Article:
- In so honoring life, you will discover the deep joy of intimacy and fidelity in your unions.
- Although in Egypt your labor was stolen from you, now theft will be unknown among you, for where justice prevails the property of each will be respected by all.
- You will not speak falsely of your neighbor, for honor shall be the commonwealth of my people.
- And you will not find your lives distorted by envy, for you will shape your lives by simplicity and generosity, and you will discover in this way a life brimming with abundance.
We haven’t (ever) heard The Decalogue this way. But it is a grammatically legitimate rendition, and I argue it is both contextually and theologically the best reading. In liberating the Hebrews from oppression God did not set them beneath a new taskmaster, but invited them to live into genuine freedom grounded in reverence for that which is Holy and that which is human.
The legacy of the Hebrew prophets—both in railing against Israel’s repeated slides into unjust relations in their communal life and in calling them to radical hope in times of desolation—that legacy is precisely the legacy of calling Israel back to a life rooted in those Ten Words of Promise.
You can argue about whether the historical realization of that promised life is possible—more accurately, the extent to which it is possible. I’ll grant that humanity has a poor track record of instantiating justice in society. BUT, BUT, BUT—the core claim of biblical faith is that God is infinitely committed to that project—and that God seeks our partnership in that work. If you wish to break with biblical faith, I can’t stop that. But I can ask—on behalf of God—that you not water it down to make it more palatable for those who’ve managed to prosper under oppression, or those who’ve managed to dodge the worst of the suffering that is the price of the status quo.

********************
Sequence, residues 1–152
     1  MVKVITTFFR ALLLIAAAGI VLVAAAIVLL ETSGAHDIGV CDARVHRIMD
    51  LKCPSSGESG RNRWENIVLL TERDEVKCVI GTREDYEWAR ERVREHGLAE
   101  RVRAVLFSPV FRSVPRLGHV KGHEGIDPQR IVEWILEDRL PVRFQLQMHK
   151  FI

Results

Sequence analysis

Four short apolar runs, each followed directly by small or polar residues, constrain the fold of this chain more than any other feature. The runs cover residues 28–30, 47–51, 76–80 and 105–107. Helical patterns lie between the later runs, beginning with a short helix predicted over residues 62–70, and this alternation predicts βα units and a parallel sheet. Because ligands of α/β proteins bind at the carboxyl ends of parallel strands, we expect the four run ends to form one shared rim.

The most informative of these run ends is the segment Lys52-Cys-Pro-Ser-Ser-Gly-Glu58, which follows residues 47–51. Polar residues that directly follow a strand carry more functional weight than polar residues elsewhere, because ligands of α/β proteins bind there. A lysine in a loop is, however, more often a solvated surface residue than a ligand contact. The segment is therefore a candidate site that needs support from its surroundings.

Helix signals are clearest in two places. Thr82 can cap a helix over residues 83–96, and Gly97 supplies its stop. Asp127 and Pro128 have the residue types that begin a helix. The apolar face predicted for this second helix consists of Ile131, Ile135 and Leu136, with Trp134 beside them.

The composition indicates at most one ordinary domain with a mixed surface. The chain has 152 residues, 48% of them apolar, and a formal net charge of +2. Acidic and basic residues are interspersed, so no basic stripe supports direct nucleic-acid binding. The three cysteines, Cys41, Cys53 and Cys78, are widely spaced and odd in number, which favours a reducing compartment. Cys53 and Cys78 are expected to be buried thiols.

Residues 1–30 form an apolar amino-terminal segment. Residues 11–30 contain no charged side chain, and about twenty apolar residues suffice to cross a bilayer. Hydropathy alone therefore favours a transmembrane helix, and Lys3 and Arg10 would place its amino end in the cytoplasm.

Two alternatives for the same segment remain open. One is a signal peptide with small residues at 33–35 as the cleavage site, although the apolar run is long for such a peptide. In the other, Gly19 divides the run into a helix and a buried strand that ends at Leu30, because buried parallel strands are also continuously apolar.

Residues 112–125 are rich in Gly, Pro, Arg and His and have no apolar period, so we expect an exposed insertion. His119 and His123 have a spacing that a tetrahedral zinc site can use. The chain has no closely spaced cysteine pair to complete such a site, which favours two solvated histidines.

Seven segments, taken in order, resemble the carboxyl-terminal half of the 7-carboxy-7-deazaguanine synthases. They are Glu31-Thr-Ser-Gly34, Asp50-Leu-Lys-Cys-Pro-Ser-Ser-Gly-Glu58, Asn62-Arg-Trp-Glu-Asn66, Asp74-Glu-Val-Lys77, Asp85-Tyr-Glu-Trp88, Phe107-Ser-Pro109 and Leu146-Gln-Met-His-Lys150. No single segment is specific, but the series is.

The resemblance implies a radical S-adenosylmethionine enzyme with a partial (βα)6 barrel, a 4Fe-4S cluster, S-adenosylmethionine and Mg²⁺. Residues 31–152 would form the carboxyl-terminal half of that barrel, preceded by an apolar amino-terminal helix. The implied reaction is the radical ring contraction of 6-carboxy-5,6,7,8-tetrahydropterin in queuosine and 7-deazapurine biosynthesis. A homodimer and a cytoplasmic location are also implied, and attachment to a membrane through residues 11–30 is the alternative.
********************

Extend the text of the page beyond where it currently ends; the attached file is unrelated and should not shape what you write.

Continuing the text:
From Moses onward (and right through Jesus!), God’s work in human history has been has been a series of variations on a single theme: “Let my people go.” Today’s abolitionists, whether they invoke God or not, draw their voice from that same breath. Their words also are Words of Promise, “There is a land without police or prisons.” Abolition, not unlike the Decalogue, is much richer than a single declaration of what won’t be anymore. It also includes both principles and proposals for what that Promised Life might look like: a life that honors, upholds, and heals hurting communities from the ground up.
Scholars still argue over the exact location of Mount Sinai, but since May 25, Mount Sinai has been at 38th and Chicago in Minneapolis. And from out of the killing of George Floyd, through march and vigil, protest and riot, uprising and art, the surging calls to abolish the police should echo in us as though borne by Moses himself.
We can debate vigorously (though I might prefer that we imagine vibrantly, but whatever) the details of how we move toward that promised life. But as Christians, we betray our own legacy and we belittle the transformative energy of God in our midst when we assert, “Oh but that can’t be!” Abolition is our story. To the extent that we’ve forgotten this, the Movement for Black Lives and the calls for Abolition, these are the Holy Spirit moving through prophets in our midst today.
David Weiss is a theologian, writer, poet and hymnist, doing “public theology” around climate crisis, sexuality, justice, diversity, and peace. Reach him at firstname.lastname@example.org. Read more at www.davidrweiss.com where he blogs under the theme, “Full Frontal Faith: Erring on the Edge of Honest.” Support him in writing Community Supported Theology at www.patreon.com/fullfrontalfaith.
 The scene (sans iPhone) but complete with clouds, smoke, thunder, and lightning is in Exodus 19:16-20:17.
 Of course, Jews revere the Ten Commandments as well; but their framework for experiencing them is set within the wider context of Torah—“the Teaching” that shapes the overall pattern of their life. Christians tend to see them more like lightning bolt demands of an omnipotent, authoritarian God. Of course, it’s much more complicated than that, but for this essay, that’s sufficient.
 I learned of this view of reading the Decalogue through the future from Rev. Otto Bremer (1922-2001) a Lutheran ethicist, who credited it to his teacher, George Mendelhall (1916-2016), Lutheran biblical scholar who taught at the University of Michigan 1952-1986.